The Sudanese regime has taken a number of different turns over its 24 years in power, gone back on many of its political slogans, and frequently changed its attitudes in an attempt to cling to power. After coining the slogan, “We eat what we plant and wear what we manufacture,” the regime ruined the country’s agricultural projects and sold off large swathes of state-owned lands in controversial deals, raising concerns among the Sudanese that one day their country would become a wasteland. In an attempt to ridicule this slogan, the Sudanese people added: “We laugh at what we hear,” particularly following an unprecedented rise in living expenses, forcing the majority of the population to cut down on the number of their daily meals.
After the “Salvation” regime adopted the slogans of jihad to “crush the insurgency” in the South, pledging not to abandon a single inch of national territory, Sudan became fragmented, with wars raging in the North and extending from the borders of Darfur to South Kordofan and the Blue Nile. Despite its vows not to negotiate or compromise the unity of Sudan, the regime eventually signed the secession agreement, with the president joining the ceremonies at the announcement of the independence of South Sudan in Juba. Moreover, regime officials claimed that “lifting the burden of the South,” would promote the welfare of the North.
In light of this record of failures and setbacks, many attitudes and slogans have changed and many confusing and contradictory statements have been issued, with the government pursuing no certain policy except that of clinging to power. The latest of these confusing statements was President Omar Al-Bashir’s announcement last week that he is confident that the day will come when the two parts of Sudan reunite or form a sort of union. What makes this statement confusing is the fact that it comes from the president who not only oversaw the secession process, but who also played a major role in creating the climate for this to take place. Had the regime been concerned about the unity of Sudan, why did it not make use of the six years following the 2005 Comprehensive Peace Agreement that led to the South’s self-determination referendum in 2011? During these six years, many political programs could have been implemented to attract people towards unity instead of the quarrels and the aggressive statements that led to the Southerners vote “yes” on secession.
In reality, the regime wasted these years, arousing animosity towards the South to the extent that some officials and ideologues failed to conceal their desire to see the it secede. They thought that secession would help them implement their “Islamic movement” project and establishing a so-called second republic. The Islamic movement, which was responsible for the “Salvation” coup, sought to impose its ideology on the country, turning Sudan into the first Muslim Brotherhood republic in the Arab world.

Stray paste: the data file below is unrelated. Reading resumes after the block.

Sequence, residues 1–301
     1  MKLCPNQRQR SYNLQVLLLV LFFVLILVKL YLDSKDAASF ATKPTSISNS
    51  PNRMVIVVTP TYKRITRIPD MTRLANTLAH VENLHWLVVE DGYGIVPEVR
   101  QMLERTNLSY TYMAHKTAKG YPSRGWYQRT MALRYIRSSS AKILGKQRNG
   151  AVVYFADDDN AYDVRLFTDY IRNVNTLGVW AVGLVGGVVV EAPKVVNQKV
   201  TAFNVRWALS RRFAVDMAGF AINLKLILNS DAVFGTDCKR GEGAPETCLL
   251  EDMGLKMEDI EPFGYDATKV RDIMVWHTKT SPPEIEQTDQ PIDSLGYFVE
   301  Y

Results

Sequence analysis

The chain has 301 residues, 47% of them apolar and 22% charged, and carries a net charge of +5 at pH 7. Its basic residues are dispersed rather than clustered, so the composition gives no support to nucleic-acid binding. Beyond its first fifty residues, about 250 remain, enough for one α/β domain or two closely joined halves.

With the belief that the South was an obstacle in the way of the establishment of an Islamic republic, the regime sought to lift this burden from its shoulders even if this meant “losing” a fifth of the country, a quarter of its population, and over three quarters of its oil revenues. The regime believed that even after the secession of the South, it would succeed in obtaining a considerable amount of the Southern oil by imposing heavy transit fees. As the emerging country in the South is landlocked, it can only export its oil via the Northern pipelines. Besides this, trade in South Sudan is also dependent on the North.
Therefore, the regime’s ideologues were convinced that they would be able to use their economic sway in settling some of the pending issues, from border demarcation and the fate of Abyei to the division of water revenues and the issues of South Kordofan and the Blue Nile. However, things did not go as Khartoum expected, and the relations between the South and the North deteriorated, leading to actual military confrontation. This, in turn, led to the suspension of oil exports, leaving the economies of both countries on the verge of collapse.
Given the awkward position it finds itself in at home, particularly after the Arab Spring, the “Salvation” regime has returned to the strategy of contradicting itself. For example, the regime has decided to hold negotiations with South Sudan once more, accepting less oil transit fees than it had previously demanded. In addition, it has offered compromises over the security arrangements, replacing its former discourse of using strength “to discipline the south” to dealing with Juba based on a new reconciliatory tone. We have seen Bashir, on returning from visiting the South, claim that his regime is seeking to restore national solidarity with South Sudan and that he is confident that one day the two parts of Sudan will reunite. These are surprises from the Khartoum leadership—or, perhaps, they are nothing more than maneuvers to remain in power.